Comm Eye Health Vol. 10 No. 21 1997 pp 06 - 07. Published online 01 March 1997.

Couching and cataract extraction a clinic based study in northern Nigeria

Musa Goyal DCEH

Senior Eye Nurse, Mangu Leprosy and Rehabilitation Centre, Plateau State, Nigeria

Margreet Hogeweg MD DCEH

Ophthalmologist, Department of Ophthalmology, Leiden University, POB 9600, 2300 RC Leiden, Netherlands

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Couching is a common procedure for the treatment of blinding cataract in Northern Nigeria and also elsewhere in West Africa. Traditional beliefs, sometimes good results, the scarcity of surgical facilities and low costs help to sustain this procedure and practice. In this part of Africa the number of ophthalmologists is less than one per million population.

An extensive network of couchers, mainly nomadic Fulani, perform couching in villages and at the home of the patient. Two methods of couching are reported:

  1. The ‘sharp’ method: the eye is perforated and the lens is pushed backwards by a sharp instrument, for example a long thorn.

  2. The ‘blunt’ method: the lens is pushed backwards into the vitreous, either by massage or possibly by a ‘magic drop’ which may cause zonulysis (personal communication: W Schrader). In the blunt method the eye is not perforated and this procedure is assumed to be safer.

Mangu Leprosy and Rehabilitation Centre is a Mission hospital in Plateau State, Northern Nigeria. The eye clinic sees about 3200 new patients each year. Outreach programmes are attended by 1600 patients per year. We reviewed the results of couching and cataract surgery in patients presenting to the eye clinic and during outreach work during one dry season.


During the months of October 1995 and March 1996 the first author (M.G.) studied patients presenting at the clinic or during outreach, who had either undergone couching or who had been operated on elsewhere for cataract. Patients were asked how long ago the procedure took place, by whom it was performed, where it was done, the costs, the method (‘sharp’ or ‘blunt’), and the reason for presenting at the clinic.

Examination consisted of the following: visual acuity by E chart with and without +10 dioptre sphere spectacles, anterior segment inspection with a torch and headband loupe, red reflex and fundus details with a direct ophthalmoscope and intraocular pressure (IOP) measurements with a Schiotz tonometer.


Twenty-four patients had undergone couching (28 couched eyes) and 21 patients had undergone cataract extraction (26 aphakic eyes). (The cataract surgical technique used was ‘intracapsular’ in 21 operations; ‘extracapsular’ in 3 operations; and unknown in 2 operations. Intraocular lens implants were not used).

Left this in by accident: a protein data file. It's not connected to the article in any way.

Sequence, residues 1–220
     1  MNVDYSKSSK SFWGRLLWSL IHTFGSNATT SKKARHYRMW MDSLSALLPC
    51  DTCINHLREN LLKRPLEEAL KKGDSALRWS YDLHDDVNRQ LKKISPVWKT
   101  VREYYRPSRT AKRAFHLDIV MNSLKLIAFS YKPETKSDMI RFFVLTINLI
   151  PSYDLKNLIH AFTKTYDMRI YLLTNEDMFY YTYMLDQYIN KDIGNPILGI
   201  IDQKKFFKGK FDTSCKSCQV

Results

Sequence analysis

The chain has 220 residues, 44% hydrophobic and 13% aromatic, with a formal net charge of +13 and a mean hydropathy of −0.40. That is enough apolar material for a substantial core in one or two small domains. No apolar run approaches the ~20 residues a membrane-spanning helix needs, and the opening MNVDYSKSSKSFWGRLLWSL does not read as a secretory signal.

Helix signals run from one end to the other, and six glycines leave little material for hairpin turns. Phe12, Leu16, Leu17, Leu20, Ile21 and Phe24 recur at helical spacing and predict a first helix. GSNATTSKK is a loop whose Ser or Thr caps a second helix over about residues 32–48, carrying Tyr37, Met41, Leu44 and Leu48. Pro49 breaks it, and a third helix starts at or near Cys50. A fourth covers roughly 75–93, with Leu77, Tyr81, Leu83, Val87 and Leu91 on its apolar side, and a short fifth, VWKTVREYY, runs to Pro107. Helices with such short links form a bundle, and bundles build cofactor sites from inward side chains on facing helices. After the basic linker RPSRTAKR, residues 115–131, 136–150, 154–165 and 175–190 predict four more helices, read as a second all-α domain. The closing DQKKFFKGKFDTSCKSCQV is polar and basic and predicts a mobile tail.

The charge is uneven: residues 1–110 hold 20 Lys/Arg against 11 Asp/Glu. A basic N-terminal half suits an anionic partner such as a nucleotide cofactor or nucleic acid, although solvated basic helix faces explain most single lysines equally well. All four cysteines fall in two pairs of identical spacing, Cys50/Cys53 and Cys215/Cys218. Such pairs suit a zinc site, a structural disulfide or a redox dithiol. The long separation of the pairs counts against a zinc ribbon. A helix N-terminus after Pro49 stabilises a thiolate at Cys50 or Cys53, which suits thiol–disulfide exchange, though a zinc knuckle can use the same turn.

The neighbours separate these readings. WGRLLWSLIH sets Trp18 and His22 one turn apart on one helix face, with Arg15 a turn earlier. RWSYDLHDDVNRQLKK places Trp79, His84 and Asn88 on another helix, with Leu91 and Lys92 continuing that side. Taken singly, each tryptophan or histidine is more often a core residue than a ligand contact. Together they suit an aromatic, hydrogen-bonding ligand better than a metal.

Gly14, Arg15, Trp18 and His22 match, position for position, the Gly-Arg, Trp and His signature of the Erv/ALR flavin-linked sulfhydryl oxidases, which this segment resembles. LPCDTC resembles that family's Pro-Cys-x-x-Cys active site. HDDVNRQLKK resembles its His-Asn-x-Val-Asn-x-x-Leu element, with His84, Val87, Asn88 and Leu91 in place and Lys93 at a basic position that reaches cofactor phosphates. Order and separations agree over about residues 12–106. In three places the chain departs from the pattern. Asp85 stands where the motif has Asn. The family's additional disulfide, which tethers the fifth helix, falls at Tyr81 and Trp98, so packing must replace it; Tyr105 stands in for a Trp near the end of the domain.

Twelve (43%) of the couched eyes had a visual acuity (VA) of ³ 3/60 and 24 (92%) of the operated eyes had a VA of ³ 3/60. Four couched eyes had a VA of ³ 6/18, with aphakic correction, compared to 9 (35%) operated eyes. Two patients were incurably blind after couching of both eyes. In total 6 eyes (21%) had no perception of light after couching. One patient (two eyes) was blind after cataract extraction (Table 1).

The ‘sharp’ method of couching was said to have been used in 18 (64%) eyes. Only 6 of these eyes (33%) had a VA of ³ 3/60. The ‘blunt’ method was reported to have been used in 5 eyes (18%). Four of these eyes (80%) had a VA of ³ 3/60. In 5 eyes the method was unknown, of which 2 eyes had a VA of ³ 3/60. No point of entry could be seen in any of these cases.

The main cause of blindness in couched eyes was phacogenic uveitis (6), followed by endophthalmitis (3) and ‘subluxated lenses’ (2). One aphakic patient was blind due to bilateral macular degeneration, not related to surgery (Table 2). Complications seemed to occur immediately following couching in this series.

Seven (25%) couched eyes had elevated IOPs (³ 25mmHg) and 2 couched eyes had hypotonia. IOP was ‘normal’ in 22 (85%) of operated eyes (4 eyes were not measured) (Table 3).

Most couched patients presented because of poor vision (12) or severe pains (7). Three successfully couched patients presented for surgery on their second eye.

The main reason for operated patients to present was for aphakic spectacles (6) or surgery for the second eye (4) (Table 4).

Twenty (71%) of the eyes had been treated by Fulani couchers. Some couchers had travelled from as far as Mali and Benin. Twelve (43%) of the couched eyes were seen during outreach, compared with 4 (15%) of the operated eyes, suggesting that couching is more often performed in remote villages.